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Wastewater-based epidemiology in Sweden


Wastewater surveillance can be used to effectively monitor the levels of pathogens, including SARS-CoV-2, in the population. It can even help to predict upcoming outbreaks, thus acting as an ’early-warning system’. See below for a general introduction to wastewater epidemiology.

This dashboard presents wastewater epidemiology data from various Swedish cities. Combined, the cities included here have a total population of over 3.5 million people (or 34% of the Swedish population). The data presented in this dashboard originates from analyses conducted by three laboratories. Two of the laboratories are part of SEEC (The Swedish Environmental Epidemiology Center), which was established by researchers at four Swedish universities (Swedish University of Agricultural Sciences, KTH Royal Institute of Technology, Karolinka Institute, and Uppsala University) as a pandemic laboratory preparedness resource project within SciLifeLab’s Pandemic Preparedness Program. The two nodes of SEEC involved in wastewater analysis are SEEC-KTH (based at KTH Royal Institute of Technology (KTH), led by associate professor Zeynep Cetecioglu Gurol) and SEEC-SLU (based at the Department of Aquatic Sciences and Assessment at SLU (Swedish University of Agricultural Sciences), led by associate professor Anna J. Székely and associate professor Maja Malmberg). The third laboratory presenting their work on this dashboard is based at the University of Gothenburg (GU) and led by professor Heléne Norder. Please see the ’navigating the dashboard’ section below to understand where to locate work provided from the three laboratories within this dashboard.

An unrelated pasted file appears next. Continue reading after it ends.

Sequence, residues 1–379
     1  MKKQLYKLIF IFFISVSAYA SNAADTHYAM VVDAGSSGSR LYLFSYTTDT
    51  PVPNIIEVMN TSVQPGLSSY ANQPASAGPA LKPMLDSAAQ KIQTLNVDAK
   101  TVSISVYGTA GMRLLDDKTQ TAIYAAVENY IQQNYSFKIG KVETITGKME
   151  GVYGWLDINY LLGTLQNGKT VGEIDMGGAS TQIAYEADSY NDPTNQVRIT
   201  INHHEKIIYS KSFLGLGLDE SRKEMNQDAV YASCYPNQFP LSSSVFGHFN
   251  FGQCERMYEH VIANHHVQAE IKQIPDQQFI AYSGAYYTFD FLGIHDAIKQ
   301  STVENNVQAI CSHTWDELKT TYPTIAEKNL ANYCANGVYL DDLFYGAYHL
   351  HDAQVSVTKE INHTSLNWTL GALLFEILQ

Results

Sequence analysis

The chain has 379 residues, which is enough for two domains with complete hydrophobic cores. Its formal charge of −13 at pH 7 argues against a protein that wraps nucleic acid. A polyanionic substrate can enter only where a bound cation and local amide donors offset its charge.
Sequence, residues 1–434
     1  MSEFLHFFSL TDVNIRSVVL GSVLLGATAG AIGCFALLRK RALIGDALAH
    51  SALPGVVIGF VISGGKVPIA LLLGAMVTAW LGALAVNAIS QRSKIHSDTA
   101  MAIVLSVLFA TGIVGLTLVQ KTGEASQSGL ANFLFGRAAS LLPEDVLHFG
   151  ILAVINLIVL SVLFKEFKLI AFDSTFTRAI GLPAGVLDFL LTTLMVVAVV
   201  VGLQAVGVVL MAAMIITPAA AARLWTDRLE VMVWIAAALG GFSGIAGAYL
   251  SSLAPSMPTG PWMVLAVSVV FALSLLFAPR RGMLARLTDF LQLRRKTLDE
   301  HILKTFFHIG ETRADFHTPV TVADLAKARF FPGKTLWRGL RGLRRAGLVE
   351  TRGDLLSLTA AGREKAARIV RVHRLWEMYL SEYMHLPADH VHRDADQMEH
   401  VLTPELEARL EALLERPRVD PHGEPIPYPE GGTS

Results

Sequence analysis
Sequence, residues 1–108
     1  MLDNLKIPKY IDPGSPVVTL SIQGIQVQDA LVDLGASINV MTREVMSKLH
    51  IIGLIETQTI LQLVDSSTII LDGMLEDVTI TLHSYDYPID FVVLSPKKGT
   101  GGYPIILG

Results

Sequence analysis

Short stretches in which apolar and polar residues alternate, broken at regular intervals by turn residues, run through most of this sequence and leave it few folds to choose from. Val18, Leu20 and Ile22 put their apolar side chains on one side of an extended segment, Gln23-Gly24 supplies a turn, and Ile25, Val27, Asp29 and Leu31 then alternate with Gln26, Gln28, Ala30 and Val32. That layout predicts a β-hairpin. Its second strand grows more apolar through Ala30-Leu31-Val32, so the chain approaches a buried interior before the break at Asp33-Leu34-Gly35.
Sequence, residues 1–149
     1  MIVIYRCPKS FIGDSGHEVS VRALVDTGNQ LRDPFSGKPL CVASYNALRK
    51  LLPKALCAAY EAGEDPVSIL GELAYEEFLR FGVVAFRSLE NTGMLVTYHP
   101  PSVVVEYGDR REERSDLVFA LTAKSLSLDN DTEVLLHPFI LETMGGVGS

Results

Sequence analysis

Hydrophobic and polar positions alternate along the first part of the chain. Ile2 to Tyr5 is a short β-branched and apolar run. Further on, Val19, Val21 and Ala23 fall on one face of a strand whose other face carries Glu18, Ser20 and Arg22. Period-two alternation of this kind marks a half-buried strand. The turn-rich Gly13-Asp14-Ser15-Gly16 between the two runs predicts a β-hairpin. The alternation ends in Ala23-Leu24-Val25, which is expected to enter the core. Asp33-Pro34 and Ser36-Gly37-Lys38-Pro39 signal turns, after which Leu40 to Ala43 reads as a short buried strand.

Please note that each laboratory processes and analyses their wastewater samples in slightly different ways. Therefore, the absolute values measured by different laboratories are not comparable with each other, and minor differences in trends may occur. This means that you should be cautious when making comparisons. Please consult the ‘methods’ sections of individual tabs to understand the methodologies used in each case.

The work on this dashboard is divided according to different topics explored. See the list below to determine which resources are available:

  • SARS-CoV-2 quantification: Data, visualisations, and information related to the quantification of SARS-CoV-2 in wastewater in different areas of Sweden. All three groups share data on this topic, and cover different areas of Sweden. It is possible to navigate directly to the group(s) providing data on the area(s) of interest to you.

  • Enteric virus quantification: Data, visualisations, and information related to the quantification of enteric viruses in wastewater Gothenburg. This data is collected, analysed, and shared by the Norder group at Gothenburg university (GU).

  • Influenza quantification: Data, visualisations, and information related to the quantification of Influenza viruses in wastewater in different areas of Sweden. These data are collected, analysed, and shared by the SEEC node at Swedish University of Agricultural Sciences (SLU).